Dance till the stars come down from the rafters
Dance, Dance, Dance till you drop.
Dance, Dance, Dance till you drop.
My husband and I both come from families who love to celebrate. Holidays, birthdays, and other special events were always celebrated enthusiastically if not lavishly. I remember attending birthday parties at his house, and vice versa, until we were well into our teens. Since his birthday is close to Halloween, he sometimes had costume parties and we would all come up with the craziest getups imaginable. We both had moms who loved nothing more than to host a good party, complete with amazing food, and dads who would willingly make the mad dash to the grocery store when the punch ran out or cook a hundred hot dogs on the grill for two dozen hungry teenagers. It was part of our lives, as were egg dyeing at Easter and cookie baking at Christmas and explosives on the Fourth of July.
With this in mind, you can probably imagine our dismay, a few weeks before our daughter’s ninth birthday, when we asked her what kind of party she would like to have and she said, “I don’t know. I never had a birthday party before.” Seeing our horrified expressions, she quickly added, “Well, once at school I did. My teacher brought in cookies and we played games, and the class made cards for me.” God bless that teacher, whoever she was. But the idea that a sweet girl like Raina had never been celebrated just for being who she was was, to us, very nearly tragic. So we prepared to go the last mile.
We had already celebrated our younger daughter’s sixth birthday a few months prior, and none of the children had said a word about this being the first time any of them had had a party. We gave Ally a fairy-princess themed party at a local park, and when my husband asked how many were coming, I was a bit stumped. “Uh-well-I invited a lot of people…”
“How many?” he demanded.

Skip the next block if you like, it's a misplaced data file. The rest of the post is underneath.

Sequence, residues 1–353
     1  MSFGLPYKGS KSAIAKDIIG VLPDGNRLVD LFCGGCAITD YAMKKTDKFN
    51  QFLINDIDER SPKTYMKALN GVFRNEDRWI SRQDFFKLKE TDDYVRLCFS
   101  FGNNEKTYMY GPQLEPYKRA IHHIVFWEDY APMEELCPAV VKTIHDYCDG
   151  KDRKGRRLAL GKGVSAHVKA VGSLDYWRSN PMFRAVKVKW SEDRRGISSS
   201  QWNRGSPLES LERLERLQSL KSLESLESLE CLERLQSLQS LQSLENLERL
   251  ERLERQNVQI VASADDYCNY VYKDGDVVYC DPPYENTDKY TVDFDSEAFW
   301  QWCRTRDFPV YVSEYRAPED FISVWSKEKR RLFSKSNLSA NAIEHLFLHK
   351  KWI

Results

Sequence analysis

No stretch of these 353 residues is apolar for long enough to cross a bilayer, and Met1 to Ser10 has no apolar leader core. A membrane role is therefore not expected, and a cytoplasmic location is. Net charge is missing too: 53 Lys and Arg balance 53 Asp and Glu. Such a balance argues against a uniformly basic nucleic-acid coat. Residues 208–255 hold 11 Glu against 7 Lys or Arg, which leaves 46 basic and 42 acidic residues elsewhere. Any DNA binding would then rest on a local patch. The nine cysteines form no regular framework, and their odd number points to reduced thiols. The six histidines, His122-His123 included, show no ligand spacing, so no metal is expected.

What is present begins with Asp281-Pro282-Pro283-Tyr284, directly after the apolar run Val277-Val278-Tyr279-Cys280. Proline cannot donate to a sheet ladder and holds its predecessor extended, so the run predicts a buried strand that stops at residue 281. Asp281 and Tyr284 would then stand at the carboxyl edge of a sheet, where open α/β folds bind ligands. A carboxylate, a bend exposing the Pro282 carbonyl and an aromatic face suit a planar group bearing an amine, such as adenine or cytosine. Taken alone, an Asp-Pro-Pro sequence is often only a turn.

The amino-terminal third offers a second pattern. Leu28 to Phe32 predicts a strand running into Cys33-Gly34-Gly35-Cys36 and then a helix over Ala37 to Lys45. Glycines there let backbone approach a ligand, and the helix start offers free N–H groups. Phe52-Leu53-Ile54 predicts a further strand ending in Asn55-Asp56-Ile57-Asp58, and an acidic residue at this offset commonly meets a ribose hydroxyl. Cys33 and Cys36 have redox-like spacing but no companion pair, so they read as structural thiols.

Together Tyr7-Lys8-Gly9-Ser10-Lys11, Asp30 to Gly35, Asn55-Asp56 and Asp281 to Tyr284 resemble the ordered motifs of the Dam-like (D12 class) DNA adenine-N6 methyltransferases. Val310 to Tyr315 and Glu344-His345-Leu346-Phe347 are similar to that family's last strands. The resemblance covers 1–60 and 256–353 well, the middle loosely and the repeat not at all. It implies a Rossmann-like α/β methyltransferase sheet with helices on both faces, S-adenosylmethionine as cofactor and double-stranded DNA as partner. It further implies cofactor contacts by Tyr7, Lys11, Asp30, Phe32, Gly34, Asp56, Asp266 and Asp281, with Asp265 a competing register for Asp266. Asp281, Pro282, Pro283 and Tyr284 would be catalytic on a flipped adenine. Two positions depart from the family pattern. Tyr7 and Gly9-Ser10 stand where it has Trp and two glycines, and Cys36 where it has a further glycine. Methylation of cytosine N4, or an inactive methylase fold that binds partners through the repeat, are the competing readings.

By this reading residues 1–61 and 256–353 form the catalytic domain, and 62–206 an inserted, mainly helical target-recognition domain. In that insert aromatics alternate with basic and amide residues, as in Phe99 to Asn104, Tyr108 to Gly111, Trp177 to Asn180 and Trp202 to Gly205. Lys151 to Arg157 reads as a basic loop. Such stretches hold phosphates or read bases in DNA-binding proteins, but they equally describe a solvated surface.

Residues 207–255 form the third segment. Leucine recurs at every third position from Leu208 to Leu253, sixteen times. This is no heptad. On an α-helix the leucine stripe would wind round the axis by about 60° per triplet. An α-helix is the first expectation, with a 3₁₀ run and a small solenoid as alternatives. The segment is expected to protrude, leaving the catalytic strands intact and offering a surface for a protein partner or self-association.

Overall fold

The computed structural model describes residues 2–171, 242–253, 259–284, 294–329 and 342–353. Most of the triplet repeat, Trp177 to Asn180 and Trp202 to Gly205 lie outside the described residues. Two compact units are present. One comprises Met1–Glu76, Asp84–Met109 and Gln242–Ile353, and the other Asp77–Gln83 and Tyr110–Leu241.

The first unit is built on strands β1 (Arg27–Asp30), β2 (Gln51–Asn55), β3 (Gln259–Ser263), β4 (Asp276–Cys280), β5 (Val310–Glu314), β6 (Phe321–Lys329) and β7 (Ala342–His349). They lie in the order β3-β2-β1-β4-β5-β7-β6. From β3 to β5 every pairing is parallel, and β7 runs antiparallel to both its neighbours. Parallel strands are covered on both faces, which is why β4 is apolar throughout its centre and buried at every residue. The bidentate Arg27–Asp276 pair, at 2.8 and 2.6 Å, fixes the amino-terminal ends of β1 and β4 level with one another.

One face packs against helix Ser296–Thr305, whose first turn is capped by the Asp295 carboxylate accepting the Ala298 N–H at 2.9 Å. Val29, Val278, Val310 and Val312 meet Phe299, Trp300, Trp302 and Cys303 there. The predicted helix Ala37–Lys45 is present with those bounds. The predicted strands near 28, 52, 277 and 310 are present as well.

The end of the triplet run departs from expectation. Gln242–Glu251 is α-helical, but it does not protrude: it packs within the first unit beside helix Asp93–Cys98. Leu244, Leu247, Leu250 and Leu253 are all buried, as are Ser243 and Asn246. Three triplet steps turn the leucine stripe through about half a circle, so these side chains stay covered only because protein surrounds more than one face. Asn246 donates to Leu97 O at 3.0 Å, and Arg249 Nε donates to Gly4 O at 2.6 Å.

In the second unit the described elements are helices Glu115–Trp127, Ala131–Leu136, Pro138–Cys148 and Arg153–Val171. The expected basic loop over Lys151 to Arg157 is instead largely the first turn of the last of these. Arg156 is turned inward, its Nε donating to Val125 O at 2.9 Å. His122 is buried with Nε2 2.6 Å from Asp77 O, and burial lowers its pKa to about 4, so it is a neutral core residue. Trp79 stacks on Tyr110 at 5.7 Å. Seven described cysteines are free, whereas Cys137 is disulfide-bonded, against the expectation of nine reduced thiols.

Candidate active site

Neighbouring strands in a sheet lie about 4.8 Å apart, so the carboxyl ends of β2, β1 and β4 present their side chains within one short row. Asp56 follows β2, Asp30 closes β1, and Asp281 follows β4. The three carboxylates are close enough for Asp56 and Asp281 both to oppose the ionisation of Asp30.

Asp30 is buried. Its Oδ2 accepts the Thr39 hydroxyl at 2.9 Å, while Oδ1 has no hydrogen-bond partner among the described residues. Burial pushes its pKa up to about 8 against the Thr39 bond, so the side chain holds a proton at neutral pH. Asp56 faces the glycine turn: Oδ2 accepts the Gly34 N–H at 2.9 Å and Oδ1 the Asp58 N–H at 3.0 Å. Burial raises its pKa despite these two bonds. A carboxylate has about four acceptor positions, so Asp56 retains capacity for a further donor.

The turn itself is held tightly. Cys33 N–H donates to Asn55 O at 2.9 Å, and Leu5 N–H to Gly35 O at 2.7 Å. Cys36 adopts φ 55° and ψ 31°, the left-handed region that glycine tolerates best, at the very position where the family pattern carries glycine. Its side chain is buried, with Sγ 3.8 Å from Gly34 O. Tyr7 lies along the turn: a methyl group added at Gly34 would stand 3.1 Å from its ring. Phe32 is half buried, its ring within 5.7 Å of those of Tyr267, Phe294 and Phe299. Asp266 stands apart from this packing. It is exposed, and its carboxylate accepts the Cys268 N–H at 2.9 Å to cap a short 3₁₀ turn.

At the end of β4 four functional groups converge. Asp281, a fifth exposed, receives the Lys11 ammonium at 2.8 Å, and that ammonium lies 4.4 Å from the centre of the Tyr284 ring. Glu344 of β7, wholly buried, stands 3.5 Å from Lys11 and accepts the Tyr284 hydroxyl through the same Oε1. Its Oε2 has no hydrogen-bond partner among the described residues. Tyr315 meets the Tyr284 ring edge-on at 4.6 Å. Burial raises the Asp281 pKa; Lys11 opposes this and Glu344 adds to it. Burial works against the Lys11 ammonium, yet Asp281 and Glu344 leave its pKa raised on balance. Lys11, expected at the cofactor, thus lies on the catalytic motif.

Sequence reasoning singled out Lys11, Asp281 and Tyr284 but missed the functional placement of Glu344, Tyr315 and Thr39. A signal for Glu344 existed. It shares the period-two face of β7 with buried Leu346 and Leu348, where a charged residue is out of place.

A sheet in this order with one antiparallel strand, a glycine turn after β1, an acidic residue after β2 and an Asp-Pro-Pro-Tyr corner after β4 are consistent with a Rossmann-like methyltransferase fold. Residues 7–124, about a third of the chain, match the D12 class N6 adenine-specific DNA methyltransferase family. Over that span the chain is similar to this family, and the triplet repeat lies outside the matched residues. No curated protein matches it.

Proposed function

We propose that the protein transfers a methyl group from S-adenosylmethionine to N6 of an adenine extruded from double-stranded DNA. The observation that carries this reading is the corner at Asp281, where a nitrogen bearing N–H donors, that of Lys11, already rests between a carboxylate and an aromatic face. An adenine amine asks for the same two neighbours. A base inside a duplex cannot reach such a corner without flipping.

“Oh, just all of the kids in her class. And her teacher. And, well, all of the school staff kids and their families, and of course your family and my family, and all the kids from her Sunday school class…but you know they won’t all come.”
He looked a little sick. “I hope not.”
I was right. Only thirty children actually showed up, not including our three, and about twenty-five adults. Roughly eighty percent of those we invited, in other words, which was basically the same thing that happened with our wedding and I should have learned my lesson then. But it was grand, that first birthday party we were privileged to give our daughter, with balloons and streamers and a fairy-princess cake and a piñata. The birthday girl wore fairy wings as she opened present after present, and throughout most of the festivities she was quiet, as though she could not quite believe that all of this was for her.
Raina verbalized that sentiment when she walked into the dining room on the afternoon of her ninth birthday party. She had decided on a horse theme so her dad made a cake with horses on it, and it was displayed proudly on the table along with bags of party favors and a big vase of flowers, with balloons tied to each chair and a giant Happy Birthday banner hanging in the doorway. Her jaw dropped in surprise and she said, “All this for me? For me?” As the party went on (and on and on, since was a sleepover) she kept coming back to us in between activities and hugging us, “Thank, you Mom. Thank you, Dad.” The next day, her dad took her out to lunch and he said she beamed the entire time , the climax being his presentation to her of a very special pearl necklace to remind her that she was a pearl of great price.